Netflix has successfully resisted the clamor to provide offline content in the past. This has already changed as the company announced that its subscribers will now be able to view movies and media content offline.
The offline mode feature is not yet available for all Netflix contents. A select number of titles are currently identified as offline-mode-ready and that they are only currently available to iOS and Android platforms.
If you are eager to dive into the new feature, the process is straightforward and easy.
First, make sure that you satisfy several requirements. If your device runs iOS, be sure that it is updated to iOS 8.0 or later. The same goes for Android users, who need to have their firmware updated to at least Android 4.4.2.
The Netflix mobile apps for these platforms also need to be their latest iterations.
How To Download And View Files Offline
To download a file, you can simply search for a title and see if it supports offline viewing. This is indicated by a download icon located on the description page. Just tap it and the download should begin. Completed files can be accessed and viewed from inside the My Downloads section.
If you do not have a specific title in mind and wants to browse the library first, you can navigate to the Available for Download option found in the Netflix menu. It will enumerate all titles available that can be viewed offline.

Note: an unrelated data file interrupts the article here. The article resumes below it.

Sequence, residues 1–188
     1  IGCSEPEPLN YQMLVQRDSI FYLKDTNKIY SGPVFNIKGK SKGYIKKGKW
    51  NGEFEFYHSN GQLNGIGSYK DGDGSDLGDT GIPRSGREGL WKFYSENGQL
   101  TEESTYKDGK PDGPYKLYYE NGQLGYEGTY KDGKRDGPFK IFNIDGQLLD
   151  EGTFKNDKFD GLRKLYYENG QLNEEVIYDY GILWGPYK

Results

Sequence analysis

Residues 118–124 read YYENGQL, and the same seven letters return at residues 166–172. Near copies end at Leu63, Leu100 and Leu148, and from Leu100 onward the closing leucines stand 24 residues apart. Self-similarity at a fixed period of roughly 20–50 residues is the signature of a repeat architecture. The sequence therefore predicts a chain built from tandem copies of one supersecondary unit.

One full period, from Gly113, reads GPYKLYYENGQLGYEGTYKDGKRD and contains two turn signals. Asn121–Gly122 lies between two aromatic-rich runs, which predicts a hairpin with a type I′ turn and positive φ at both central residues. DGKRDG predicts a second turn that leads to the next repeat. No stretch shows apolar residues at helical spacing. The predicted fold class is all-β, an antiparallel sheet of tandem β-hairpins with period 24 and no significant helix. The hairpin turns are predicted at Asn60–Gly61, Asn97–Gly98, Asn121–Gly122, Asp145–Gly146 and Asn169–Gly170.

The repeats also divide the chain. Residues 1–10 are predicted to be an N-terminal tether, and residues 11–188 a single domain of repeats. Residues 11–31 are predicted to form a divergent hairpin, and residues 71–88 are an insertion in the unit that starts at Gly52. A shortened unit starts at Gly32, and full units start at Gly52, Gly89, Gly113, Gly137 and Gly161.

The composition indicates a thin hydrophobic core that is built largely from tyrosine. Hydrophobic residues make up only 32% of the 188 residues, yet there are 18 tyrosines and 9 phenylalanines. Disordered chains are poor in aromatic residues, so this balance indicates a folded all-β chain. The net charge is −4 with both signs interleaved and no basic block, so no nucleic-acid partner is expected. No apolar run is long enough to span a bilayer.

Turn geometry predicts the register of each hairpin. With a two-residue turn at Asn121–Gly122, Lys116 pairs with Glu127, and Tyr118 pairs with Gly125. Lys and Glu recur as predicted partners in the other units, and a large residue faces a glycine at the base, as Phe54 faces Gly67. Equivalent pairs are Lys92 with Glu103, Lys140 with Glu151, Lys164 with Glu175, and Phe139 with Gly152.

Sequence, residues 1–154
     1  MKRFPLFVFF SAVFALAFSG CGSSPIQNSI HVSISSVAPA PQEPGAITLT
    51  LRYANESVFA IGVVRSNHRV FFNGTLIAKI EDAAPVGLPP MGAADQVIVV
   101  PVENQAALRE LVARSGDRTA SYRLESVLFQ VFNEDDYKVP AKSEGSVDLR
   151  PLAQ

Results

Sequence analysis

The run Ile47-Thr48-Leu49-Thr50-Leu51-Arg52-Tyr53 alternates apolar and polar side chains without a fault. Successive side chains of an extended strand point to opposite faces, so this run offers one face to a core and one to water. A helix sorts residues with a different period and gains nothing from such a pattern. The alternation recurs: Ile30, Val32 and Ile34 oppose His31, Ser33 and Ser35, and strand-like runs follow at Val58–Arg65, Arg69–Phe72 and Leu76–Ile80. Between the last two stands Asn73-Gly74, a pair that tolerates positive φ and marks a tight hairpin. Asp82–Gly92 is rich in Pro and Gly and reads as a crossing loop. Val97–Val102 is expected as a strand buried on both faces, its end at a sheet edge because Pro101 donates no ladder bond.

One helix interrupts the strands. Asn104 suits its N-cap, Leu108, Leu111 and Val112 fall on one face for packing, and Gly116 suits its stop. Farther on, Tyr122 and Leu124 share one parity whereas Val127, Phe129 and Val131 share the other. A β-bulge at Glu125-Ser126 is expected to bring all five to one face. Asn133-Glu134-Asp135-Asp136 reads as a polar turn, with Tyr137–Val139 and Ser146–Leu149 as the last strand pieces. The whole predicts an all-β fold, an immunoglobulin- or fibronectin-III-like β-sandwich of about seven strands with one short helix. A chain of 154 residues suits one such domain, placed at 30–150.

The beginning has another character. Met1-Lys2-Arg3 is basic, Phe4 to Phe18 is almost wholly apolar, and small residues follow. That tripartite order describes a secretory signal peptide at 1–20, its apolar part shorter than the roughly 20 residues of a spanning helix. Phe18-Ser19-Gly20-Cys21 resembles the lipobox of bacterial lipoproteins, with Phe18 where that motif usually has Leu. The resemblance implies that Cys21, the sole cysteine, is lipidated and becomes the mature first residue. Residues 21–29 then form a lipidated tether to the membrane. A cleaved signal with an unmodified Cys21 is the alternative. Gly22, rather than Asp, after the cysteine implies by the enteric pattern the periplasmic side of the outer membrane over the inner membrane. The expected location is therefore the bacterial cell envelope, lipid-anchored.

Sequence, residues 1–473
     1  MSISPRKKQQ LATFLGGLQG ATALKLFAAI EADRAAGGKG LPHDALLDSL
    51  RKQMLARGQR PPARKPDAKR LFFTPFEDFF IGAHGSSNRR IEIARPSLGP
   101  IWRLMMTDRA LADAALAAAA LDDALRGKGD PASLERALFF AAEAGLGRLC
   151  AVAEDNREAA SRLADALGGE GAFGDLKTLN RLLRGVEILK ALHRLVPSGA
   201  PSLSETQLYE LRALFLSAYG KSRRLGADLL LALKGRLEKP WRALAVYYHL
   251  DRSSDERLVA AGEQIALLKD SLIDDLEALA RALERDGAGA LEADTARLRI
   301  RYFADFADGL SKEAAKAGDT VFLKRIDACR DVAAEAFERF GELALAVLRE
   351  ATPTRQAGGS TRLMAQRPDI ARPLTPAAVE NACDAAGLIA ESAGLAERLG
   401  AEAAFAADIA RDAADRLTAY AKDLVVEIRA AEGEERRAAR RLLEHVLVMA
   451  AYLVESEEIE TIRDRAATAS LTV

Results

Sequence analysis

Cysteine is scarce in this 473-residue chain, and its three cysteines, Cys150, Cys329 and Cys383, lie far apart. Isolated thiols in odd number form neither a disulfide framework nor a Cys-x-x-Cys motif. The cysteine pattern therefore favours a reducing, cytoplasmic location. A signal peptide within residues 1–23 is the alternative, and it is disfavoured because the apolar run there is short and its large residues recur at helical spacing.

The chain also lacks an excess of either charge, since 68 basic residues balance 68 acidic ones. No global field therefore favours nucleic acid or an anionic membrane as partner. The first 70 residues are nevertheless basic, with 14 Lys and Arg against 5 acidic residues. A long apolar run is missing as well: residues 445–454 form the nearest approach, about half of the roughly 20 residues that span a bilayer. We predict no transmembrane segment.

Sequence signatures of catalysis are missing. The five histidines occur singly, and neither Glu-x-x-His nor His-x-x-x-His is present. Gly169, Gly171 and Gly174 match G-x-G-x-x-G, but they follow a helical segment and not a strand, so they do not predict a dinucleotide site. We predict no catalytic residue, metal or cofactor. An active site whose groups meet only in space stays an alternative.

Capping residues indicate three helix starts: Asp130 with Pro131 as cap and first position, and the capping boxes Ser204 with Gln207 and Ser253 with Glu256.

Managing downloaded movies and shows is also easy. Just head to Edit in the upper right corner of the screen. Then tap X to permanently delete the downloaded file. Bulk deletion is also possible by opening App Settings and tapping Clear All Downloads.
Why No Offline Mode Till Now?
There is still no word about the sudden turnaround. However, there are previous Netflix pronouncements that shed light on why the company has not introduced an offline mode for a long time. The argument is that pure online viewing is a marketing strategy that aims to differentiate the brand from the rest of competing media streaming services.
"It's the 'Paradox of Choice', the jam experiment — you put strawberry, apricot and blackberry jam in the supermarket aisle and you can persuade half the people coming down the aisle to taste the jam and maybe buy one," Neil Hunt, chief product officer at Netflix, said in an interview during the Berlin IFA show last year. "But if you decide to add lemon, orange, blueberry and grapefruit, by adding the choices you don't increase the number of people choosing one, but in fact you go the other way."
Additionally, Hunt also pointed out that an offline download feature will bring in an additional complication to the media streaming process. Speaking to Gizmodo, the Netflix executive argued that users will have to wait for the download to finish, therefore, it is not an instant experience. He also pointed that users also have reserve storage space, including the additional effort to manage downloaded files.
It appears that market trends finally prompted Netflix to change its position. There is a huge demand for it and rivals such as Amazon Prime have been successful in converting the feature as a valuable selling point.